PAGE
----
A reflection from Joseph Roth’s The Radetzky March on how life – and death – has changed since 1914:
In the years before the Great War, at the time the events chronicled in these pages took place, it was not yet a matter of indifference whether a man lived or died. When someone was expunged from the lists of the living, someone else did not immediately step up to take his place, but a gap was left to show where he had been, and those who knew the man who had died or disappeared, well or even less well, fell silent whenever they saw the gap. When a fire happened to consume a particular dwelling in a row of dwellings, the site of the conflagration remained for a long time afterwards. For masons and bricklayers worked slowly and thoughtfully, and when they walked past the ruins, neighbours and passers-by alike recalled the form and the walls of the house that had once stood there. That’s how it was then! Everything that grew took long to grow; and everything that ended took a long time to be forgotten. Everything that existed left behind traces of itself, and people then lived by their memories, just as we nowadays live by our capacity to forget, quickly and comprehensively.
Good advice from C.K. Stead on having an appetite for life:
Self-absorption is slow death by interior corrosion, and what protects us against it is curiosity, an appetite for the world in all its forms. If you enjoy the world enough to look hard at it, it will save you – but only from yourself, not from disease, war, man-eating tigers or other people, all of which are part of what you must love (or at least love to look out at) in order to live well.
This made me laugh, from Meg Wolitzer’s novel The Wife:
All of them, the novelists, the story writers, the poets, desperately long to win. If there is a prize, then there is someone somewhere on earth who desires it. Grown men pace their homes and scheme about ways to win things, and small children hyperventilate over the prospect of gold-plated trophies for penmanship, for swimming, for just being cheerful. Maybe other life-forms give out awards too, and we just don’t know it: Best All-Round Flatworm; Most Helpful Crow.
We could perhaps do with a Thomas Cromwell in UK politics today. This is from Tracy Borman’s biography:
Cromwell’s love of all things Italian was highly unusual for a Londoner. Andreas Franciscius had been aghast to discover on his visit to the capital that its inhabitants ‘not only despise the way in which Italians live, but actually curse them with uncontrolled hatred’. This was corroborated by another Italian visitor of the period: ‘The English are great lovers of themselves, and of everything belonging to them; they think that there are no other men than themselves, and no other world than England; and whenever they see a handsome foreigner they say that “he looks like an Englishman” … They have a great antipathy to foreigners, and imagine that they never come into their island, but to make themselves master of it, and to usurp their goods.’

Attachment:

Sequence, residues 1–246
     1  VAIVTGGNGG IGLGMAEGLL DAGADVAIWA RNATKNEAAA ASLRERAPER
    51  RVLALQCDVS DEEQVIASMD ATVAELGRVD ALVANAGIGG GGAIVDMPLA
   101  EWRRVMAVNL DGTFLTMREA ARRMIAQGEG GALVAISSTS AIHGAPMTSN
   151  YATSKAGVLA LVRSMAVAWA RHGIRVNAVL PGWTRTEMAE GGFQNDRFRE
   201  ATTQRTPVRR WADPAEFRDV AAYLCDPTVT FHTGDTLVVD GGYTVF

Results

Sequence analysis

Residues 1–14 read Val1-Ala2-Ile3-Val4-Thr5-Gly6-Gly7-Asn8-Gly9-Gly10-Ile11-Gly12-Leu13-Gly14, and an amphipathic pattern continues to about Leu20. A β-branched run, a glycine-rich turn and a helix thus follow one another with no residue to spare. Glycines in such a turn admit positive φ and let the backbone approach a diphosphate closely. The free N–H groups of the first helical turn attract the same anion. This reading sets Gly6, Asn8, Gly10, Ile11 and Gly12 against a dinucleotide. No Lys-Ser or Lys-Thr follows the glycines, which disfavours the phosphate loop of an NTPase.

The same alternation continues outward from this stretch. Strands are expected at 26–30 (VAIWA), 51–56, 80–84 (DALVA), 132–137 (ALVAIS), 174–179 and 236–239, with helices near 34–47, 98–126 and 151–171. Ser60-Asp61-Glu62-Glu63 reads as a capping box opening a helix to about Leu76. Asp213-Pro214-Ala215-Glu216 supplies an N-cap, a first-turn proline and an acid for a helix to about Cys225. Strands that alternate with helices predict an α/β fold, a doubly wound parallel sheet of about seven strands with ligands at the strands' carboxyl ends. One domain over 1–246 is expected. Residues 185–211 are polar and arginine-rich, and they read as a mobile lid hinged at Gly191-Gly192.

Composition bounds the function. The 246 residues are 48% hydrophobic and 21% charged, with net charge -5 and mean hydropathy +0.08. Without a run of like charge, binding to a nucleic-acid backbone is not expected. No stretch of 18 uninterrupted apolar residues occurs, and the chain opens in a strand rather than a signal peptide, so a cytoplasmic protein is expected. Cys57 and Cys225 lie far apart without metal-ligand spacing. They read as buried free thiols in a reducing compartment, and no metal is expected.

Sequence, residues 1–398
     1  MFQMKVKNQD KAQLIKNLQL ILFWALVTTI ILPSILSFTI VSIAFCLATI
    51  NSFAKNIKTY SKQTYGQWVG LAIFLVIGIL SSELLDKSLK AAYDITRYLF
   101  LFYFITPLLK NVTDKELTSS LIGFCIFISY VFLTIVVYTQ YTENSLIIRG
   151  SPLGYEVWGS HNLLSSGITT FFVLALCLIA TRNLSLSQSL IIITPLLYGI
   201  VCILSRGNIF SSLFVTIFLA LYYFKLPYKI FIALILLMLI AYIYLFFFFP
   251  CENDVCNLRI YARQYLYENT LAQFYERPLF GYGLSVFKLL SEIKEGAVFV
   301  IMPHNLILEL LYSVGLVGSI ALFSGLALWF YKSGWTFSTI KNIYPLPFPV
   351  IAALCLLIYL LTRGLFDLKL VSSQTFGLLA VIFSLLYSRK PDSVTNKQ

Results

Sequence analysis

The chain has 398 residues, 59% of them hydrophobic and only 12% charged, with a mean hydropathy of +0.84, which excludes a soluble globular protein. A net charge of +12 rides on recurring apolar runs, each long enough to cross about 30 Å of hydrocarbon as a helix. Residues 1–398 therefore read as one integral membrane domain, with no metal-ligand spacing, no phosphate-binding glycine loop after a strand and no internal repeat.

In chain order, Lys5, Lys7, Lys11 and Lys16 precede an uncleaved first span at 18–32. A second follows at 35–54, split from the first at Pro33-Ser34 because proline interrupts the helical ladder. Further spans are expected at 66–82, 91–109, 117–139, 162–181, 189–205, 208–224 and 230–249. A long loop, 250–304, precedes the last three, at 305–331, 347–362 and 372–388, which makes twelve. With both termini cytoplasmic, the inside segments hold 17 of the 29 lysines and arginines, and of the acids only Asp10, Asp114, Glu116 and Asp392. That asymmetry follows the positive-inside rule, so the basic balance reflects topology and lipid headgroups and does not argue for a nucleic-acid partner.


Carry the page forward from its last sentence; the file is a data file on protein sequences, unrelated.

From Aquinas and the heretics:
Apart from the guardianship of the Church over many centuries, it is hard to see whence would have derived the resources that later gave rise to modern science, the Renaissance, and the Enlightenment. The fundamental conceptions of progress, truth, compassion, the dignity of the individual, and the centrality of personal liberty on which modern progress rests are rooted in Jewish and Christian beliefs about human nature and destiny.
The Mistress of Novices in Kathryn Hulme’s The Nun’s Story capturing some of the difficulties of life in community:
‘Once, long ago, I too found the community life a pure agony. I suffered, knowing that my forced participation could never be pleasing to God. I struggled to overcome this. I thought about the Christ who took to Himself the very humblest of companions. I told myself that quite possibly He could not abide the smell of fish or the frequently childish talk of those simple disciples. Yet… He lived with them and spoke with them in the picturesque parables they could understand, He who had confounded the scholars of the temple when only twelve years old.’